Sports ‘n’ Things: Bell tolls for Toller and Banks

"Lots of losses this past week, even one for the Nitehawks on the road."

Lots of losses this past week, even one for the Nitehawks on the road.

The Smoke Eaters’ crumble from a three-goal lead to an overtime loss, all in about eight minutes, was, as if that was needed anymore, the final rivet in the coffin of this season’s promise.

There are still reasons to attend the games here, and I will be, but among them won’t be faint hope of a playoff spot. The entertainment is good value and the team is a local endeavour – supporting local performers is an enjoyable way to, “shop local,” no matter your choice about where to buy your butter.

The Nitehawks are at home Friday, the Smokies Saturday, and it is worth the minimal effort on good roads to get out to the games – and bring your friends along.

• Bigger losses, and more lasting, are the deaths of Ernie Banks and Toller Cranston.

Banks will remain an icon, and his sunny demeanour and, “Let’s play two,” will be part of the baseball lexicon forever.

The first black player on Chicago’s north side, almost a decade after Jackie Robinson broke the colour barrier and years after most other teams had succumbed to the idea that good players of whatever background deserved a chance in the major league spotlight, Banks was as good as it gets as an all-round player and brightened the game days for long-suffering Cubs fans by being so excellent on offence and defence,  while comporting himself with dignity and enthusiasm in equal measure.

So much will remain of his contribution that he will never really be gone.

• Toller Cranston had even more impact on his sport, and on Canadians.

People will say he never really won anything, but he created modern skating and, with today’s rules (generated from his appeal as a skater) he would have been a many time world and a couple of time Olympic gold medal winner.

Cranston had a combination of athleticism (google his 1975, “Sabre Dance,” routine) and artistry (then google, “Pagliacci,”) that has yet to be matched – although skaters have been trying for decades.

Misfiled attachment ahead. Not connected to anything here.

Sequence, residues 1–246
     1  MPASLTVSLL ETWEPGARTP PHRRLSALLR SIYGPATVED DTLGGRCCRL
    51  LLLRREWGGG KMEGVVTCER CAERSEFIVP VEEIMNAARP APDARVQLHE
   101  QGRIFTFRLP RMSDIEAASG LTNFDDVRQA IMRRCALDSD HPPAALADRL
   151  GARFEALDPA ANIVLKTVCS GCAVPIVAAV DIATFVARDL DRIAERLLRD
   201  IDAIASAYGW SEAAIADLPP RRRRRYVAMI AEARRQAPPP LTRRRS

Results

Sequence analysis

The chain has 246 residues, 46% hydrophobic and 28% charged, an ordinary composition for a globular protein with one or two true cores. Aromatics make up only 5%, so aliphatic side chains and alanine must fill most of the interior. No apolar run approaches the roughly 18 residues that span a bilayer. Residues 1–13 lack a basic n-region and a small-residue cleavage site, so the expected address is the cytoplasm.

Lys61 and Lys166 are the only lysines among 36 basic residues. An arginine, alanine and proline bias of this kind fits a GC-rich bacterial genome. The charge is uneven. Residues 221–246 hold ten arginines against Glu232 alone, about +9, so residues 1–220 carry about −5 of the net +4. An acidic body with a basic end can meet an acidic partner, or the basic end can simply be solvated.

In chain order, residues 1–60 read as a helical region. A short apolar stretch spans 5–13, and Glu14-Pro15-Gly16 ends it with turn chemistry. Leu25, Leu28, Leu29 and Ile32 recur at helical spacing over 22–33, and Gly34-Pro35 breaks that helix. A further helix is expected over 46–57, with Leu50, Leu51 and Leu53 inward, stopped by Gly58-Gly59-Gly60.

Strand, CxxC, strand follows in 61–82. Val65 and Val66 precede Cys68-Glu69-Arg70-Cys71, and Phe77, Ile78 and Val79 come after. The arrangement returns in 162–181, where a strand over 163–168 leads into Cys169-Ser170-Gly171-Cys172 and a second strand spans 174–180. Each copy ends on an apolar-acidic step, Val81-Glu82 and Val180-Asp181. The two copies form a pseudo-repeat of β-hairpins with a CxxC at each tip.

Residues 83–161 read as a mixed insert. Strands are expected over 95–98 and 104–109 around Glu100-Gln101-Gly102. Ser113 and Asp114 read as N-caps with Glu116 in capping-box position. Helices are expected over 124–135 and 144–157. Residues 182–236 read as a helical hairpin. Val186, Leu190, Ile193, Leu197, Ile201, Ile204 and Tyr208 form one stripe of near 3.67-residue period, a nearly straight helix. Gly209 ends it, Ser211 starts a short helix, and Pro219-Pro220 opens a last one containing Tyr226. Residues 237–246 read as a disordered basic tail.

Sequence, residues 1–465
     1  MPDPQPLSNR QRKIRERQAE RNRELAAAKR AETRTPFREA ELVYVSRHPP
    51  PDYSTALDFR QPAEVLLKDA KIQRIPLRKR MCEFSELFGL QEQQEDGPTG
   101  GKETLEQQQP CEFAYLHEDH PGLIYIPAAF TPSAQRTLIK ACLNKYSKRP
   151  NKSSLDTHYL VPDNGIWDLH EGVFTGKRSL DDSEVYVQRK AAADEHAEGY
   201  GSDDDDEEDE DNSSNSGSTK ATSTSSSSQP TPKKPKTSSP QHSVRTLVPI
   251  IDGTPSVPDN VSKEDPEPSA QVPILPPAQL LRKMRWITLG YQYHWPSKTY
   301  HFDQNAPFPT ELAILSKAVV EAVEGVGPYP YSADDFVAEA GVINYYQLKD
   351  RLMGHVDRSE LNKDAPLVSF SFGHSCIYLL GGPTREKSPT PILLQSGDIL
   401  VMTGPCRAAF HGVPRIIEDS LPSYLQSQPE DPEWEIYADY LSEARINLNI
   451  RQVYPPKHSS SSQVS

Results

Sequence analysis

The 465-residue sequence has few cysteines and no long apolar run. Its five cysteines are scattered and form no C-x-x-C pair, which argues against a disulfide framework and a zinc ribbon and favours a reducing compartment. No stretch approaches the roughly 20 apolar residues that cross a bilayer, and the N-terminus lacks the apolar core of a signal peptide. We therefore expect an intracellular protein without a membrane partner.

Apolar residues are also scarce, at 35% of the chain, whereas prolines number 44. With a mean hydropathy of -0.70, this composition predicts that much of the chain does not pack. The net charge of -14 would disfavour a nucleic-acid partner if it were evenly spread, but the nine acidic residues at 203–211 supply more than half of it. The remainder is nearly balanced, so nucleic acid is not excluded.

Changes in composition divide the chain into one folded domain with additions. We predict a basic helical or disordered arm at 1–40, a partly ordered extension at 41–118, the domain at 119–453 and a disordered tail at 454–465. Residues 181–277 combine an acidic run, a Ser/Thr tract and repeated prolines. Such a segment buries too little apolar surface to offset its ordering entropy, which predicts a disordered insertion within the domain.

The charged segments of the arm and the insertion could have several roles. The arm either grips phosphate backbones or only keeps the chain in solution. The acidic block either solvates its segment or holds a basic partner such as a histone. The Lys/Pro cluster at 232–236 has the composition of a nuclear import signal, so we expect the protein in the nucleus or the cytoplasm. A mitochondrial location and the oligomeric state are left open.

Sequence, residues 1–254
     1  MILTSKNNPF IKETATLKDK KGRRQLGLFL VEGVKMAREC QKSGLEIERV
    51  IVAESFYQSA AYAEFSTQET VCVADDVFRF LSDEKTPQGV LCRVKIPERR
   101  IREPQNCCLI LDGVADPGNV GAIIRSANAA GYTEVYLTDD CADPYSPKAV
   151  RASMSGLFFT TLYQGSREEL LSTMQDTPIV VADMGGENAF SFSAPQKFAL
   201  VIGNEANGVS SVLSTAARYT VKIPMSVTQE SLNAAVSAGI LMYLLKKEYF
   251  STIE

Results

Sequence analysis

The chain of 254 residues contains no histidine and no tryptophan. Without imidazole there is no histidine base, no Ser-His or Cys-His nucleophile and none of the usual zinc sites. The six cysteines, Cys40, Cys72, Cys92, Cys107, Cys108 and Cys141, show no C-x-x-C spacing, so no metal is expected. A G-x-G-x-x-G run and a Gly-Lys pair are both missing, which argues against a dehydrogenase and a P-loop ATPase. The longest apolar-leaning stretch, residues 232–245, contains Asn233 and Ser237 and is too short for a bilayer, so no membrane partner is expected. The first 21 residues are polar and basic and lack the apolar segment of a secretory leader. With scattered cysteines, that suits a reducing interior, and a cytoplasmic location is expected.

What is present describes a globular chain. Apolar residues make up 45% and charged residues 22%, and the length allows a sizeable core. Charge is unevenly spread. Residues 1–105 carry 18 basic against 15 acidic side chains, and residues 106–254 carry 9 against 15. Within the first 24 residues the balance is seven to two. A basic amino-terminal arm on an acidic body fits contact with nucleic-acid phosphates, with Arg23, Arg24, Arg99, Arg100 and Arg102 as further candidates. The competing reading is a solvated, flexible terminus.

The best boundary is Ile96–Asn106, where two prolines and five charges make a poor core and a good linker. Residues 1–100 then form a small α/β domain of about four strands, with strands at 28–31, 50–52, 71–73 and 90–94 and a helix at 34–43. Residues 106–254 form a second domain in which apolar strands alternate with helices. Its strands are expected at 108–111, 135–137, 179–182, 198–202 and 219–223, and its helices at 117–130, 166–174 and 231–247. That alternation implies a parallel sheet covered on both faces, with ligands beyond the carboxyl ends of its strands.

Figure skating when he arrived on the scene was boring. Most champions were decided, essentially in empty arenas, by the first day’s labourious scratching of figure eights. Cranston was not terrible at it, but was never good enough to catch up with the artisans in the free skate – which he almost always won, but not by enough.

Now, of course, the free skate(s) are all that is judged. Cranston, by whom audiences were enthralled, is the reason for the change.

On top of that he was a pioneer on the athleticism side. Cranston threw so many splits, triple jumps and unique spins into his routines that he also enthralled young skaters, who were said to have been, “Tollerized,” and impelled them, too, to maximize their degrees of difficulty.

Without him, and skating likely needs another like him now, figure skating would not have become the big deal, almost, “must see,” world and Olympic event it was for decades.

Without him, such currently dominant figures as Patrick Chan might still be doing those old, boring, routines nobody watched.

With all that, Toller Cranston was more multi-faceted in his pursuits than almost any other athlete, ever. As a teen he paid for his skating lessons and travel by selling his artwork. As a retired competitor, he maintained a pretty good lifestyle bringing art into both skating tours and galleries.

Unique and groundbreaking, he should be remembered and missed forever. For some, he will be. For those who do not remember and appreciate his impact, probably not so much.

Too bad for those latter, because Cranston created awe and joy unlike almost any other performer in any activity and it is sad they missed it.

Just Posted

Columbia Basin Trust offering business accelerator program

Trust seeking motivated companies for customized support and mentorship program

Trail military exercises provide crucial training

Exercise Sapper Crucible: ‘The nuts and bolts of what a soldier is’

VIDEO: SPCA ushers in new era with Castlegar facility

$2.69-million project had ribbon cutting on Friday

Thrums, Riondel, and Slocan, revisited

Place Names: Scottish author delighted by Thrums name origin

Last stand for Silver City summer

Fall officially arrives in Trail at 6:54 p.m. on Saturday

Conservation officer frees B.C. deer from flotation gear mishap

BC Conservation Officer Service is reminding residents to keep backyards clear of entanglements

VIDEO: B.C.-born firefighter remembered by MP in emotional speech

Family asks first responders to look after one another in wake of suicide, growing concerns of PTSD

Airline has ‘close call’ with drone while en route to B.C. airport

Jazz Aviation reported the drone sighting near Vancouver to the RCMP and Transport Canada

Tragic accident claims life of B.C. toddler

Fundraising effort has been created to help mom and family

B.C. nanny charged with sex abuse of 3 children

Saanich Police seek potential victims of Johnathon Lee Robichaud from Central Saanich

‘I’m no quitter’ on climate change issues, McKenna says at G7 ministers meeting

David Suzuki says if McKenna believes what she’s saying, she too should quit

VIDEO: Inside an eerily empty mall in Canada

Only nine of 517 retail spaces are open for business as the grand opening postponed to next year

B.C. wildfires burned large areas affected by mountain pine beetles: Experts

The mountain pine beetle epidemic affected more than 180,000 square kilometres in B.C.

Tens of thousands without power following tornado in Ottawa region

Hydro Ottawa says more than 170,000 customers were without power early this morning

Most Read